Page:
Eric

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Re: Moulder recommendation for a small business
« Reply #14 on: April 29, 2005, 09:57:41 PM »
3" of jog on both infeed and outfeed...I just figure it as waste.

On the 444 profile which are 3-1/2" finished, the blanks are 3-5/8".  I set the infeed width at 3-11/16" and the outfeed width at 3-1/2".  Pretty much the same tolerances on anything else I run.

Took a picture...infeed on the left.



If ya got better idea let me know.
Larry, making useful and beautiful things out of the most environmental friendly material on the planet.

We need to insure our customers understand the importance of our craft.

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Re: Moulder recommendation for a small business
« Reply #15 on: April 30, 2005, 07:05:57 AM »

Reference guide boards;
At one time I was running a single runner on each side that ran the length of the feed bed. Groved to provide clearance under the feed rollers. Occasionally binding a board in the feed way due to varience in the blanks or a bit of crook to the blank. So this time I went to feed guides that stop short of the feed rollers.

I was thinking of going to a mdf base board, and a permanently affixed full length guide board on one side about 3/8 inch thick. then either adjustable guide on the other side or a couple of feather boards to keep the blanks firmly against the guide with a little room for flex.

Eric

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Re: Moulder recommendation for a small business
« Reply #16 on: May 02, 2005, 07:16:44 AM »
I made my first moulding on a radial arm saw with one of the simple 3 cutter heads, dangerous and time consuming but worked well enough to make a whole hose full.  Graduated to a crafstman 1/2 horse power shaper and made lots of tounge and groove as well as mouldings.  For simple base boards I have and still just route an edge, works well especially for longer boards.  Graduated again to an older belsaw and have maybe 10 different profiles for things like crown, colonial casing, 1/4 round and a few base board caps that can be installed over a square edge 1x 3 4 or 5.  I do T and G and V match on a 1.5 horse shaper and still use the router for shiplap and simple baseboards.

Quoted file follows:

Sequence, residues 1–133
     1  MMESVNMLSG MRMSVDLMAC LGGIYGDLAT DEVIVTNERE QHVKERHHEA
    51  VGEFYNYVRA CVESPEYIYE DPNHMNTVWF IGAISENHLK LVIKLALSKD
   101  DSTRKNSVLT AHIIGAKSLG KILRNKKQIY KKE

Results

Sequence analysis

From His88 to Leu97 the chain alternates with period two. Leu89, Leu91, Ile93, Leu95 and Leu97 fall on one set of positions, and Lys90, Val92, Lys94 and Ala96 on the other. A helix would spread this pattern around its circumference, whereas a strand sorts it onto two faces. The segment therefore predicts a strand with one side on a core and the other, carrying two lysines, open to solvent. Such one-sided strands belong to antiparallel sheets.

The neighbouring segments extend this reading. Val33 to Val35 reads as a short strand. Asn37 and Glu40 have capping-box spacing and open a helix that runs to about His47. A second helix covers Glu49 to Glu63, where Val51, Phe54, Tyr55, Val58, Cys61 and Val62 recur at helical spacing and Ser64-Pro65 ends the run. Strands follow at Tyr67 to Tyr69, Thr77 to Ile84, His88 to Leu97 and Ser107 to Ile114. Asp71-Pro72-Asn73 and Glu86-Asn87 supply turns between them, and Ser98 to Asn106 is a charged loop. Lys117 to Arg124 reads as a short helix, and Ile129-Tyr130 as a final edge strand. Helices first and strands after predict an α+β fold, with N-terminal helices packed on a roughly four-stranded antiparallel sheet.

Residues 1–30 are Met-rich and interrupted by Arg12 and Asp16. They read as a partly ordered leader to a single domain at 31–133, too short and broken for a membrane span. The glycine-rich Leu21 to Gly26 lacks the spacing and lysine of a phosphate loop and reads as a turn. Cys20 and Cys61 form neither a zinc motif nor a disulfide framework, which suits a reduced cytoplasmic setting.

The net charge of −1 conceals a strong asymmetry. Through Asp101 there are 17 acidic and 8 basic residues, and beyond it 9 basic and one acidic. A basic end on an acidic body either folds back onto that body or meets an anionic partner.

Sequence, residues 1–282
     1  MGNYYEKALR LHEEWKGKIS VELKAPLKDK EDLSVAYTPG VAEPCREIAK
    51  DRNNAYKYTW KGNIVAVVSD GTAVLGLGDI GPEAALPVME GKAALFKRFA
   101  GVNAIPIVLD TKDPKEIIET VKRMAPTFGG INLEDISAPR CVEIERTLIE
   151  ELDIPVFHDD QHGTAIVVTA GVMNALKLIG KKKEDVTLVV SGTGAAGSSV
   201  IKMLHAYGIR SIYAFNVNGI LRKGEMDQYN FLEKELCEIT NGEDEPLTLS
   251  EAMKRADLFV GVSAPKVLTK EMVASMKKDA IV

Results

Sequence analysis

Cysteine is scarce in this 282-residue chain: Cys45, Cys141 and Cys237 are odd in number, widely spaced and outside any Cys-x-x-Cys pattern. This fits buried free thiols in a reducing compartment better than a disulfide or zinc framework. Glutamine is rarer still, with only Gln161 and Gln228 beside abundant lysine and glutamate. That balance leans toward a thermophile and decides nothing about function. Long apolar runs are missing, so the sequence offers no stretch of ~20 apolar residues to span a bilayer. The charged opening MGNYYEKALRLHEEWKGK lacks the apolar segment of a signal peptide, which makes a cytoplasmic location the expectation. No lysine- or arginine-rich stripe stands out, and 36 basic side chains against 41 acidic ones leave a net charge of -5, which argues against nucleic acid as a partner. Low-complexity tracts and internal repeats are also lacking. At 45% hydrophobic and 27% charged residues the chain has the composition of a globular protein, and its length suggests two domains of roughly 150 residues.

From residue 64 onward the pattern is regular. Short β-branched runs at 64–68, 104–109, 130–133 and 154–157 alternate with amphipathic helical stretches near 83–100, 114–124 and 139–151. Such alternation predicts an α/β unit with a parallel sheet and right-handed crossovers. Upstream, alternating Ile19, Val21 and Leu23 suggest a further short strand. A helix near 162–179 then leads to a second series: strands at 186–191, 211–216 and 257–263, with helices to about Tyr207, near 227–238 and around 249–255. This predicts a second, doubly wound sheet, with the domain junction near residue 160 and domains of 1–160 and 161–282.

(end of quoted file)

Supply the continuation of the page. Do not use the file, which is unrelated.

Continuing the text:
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Offline SawDust_Studios

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Re: Moulder recommendation for a small business
« Reply #17 on: May 02, 2005, 10:01:49 AM »
The RBI and Woodmaster are versitile, but there is a point where I decide it just wasn't worth the time to change between the machines.  I had a woodmaster and it made great mouldings, but unless I was making very large quantities, I never used the gang-rip and if you don't have another planer and have too much ruined or chip out (hickory) then you need to set up again to plane some more.  I would buy another woodmaster, but not for the various machines.  It is just a well made machine and good planer.

I did buy the W&H type moulder, like the two above, they ARE NOT commercial heavy duty machines, but they do work daily for the amount of moulding I need.  I think the decision is the same as a sawmill.  What are you going to do with it?  Are you making small amounts of moulding for the occasional job or are you getting into the moulding business?  The nice thing is you have several choices and they all have advantages.


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Re: Moulder recommendation for a small business
« Reply #18 on: May 02, 2005, 09:10:27 PM »
I bought my RBI for it's versatality, But as noted earlier, I agree with sawdust... these are not heavy duty commercial machines. That dosn't mean they don't have some pretty serious capabilities.

Running the logosol doing s4s or t&g in a single pass is MUCH more economical than running a lesser machine. And I would consider the Logosol (I have the smaller motors on the 1PH 261) a low end commercial machine in comparison to the larger commercial machines found at full time moulding operations.

Ultimately you get what you pay for, looking at moulding consider the support equipment, straight line rip, maybe a gang saw, possibly pre-planning the lumber for uniform thickness for more efficient and better final products, a profile sanding capability, maybe even a spray finish too.

Handling lumber costs money, planning each side in a separate operation is 4x more time consuming than a single pass and don't forget the handling time to and from the feed , out feed ends of the machine.

Eric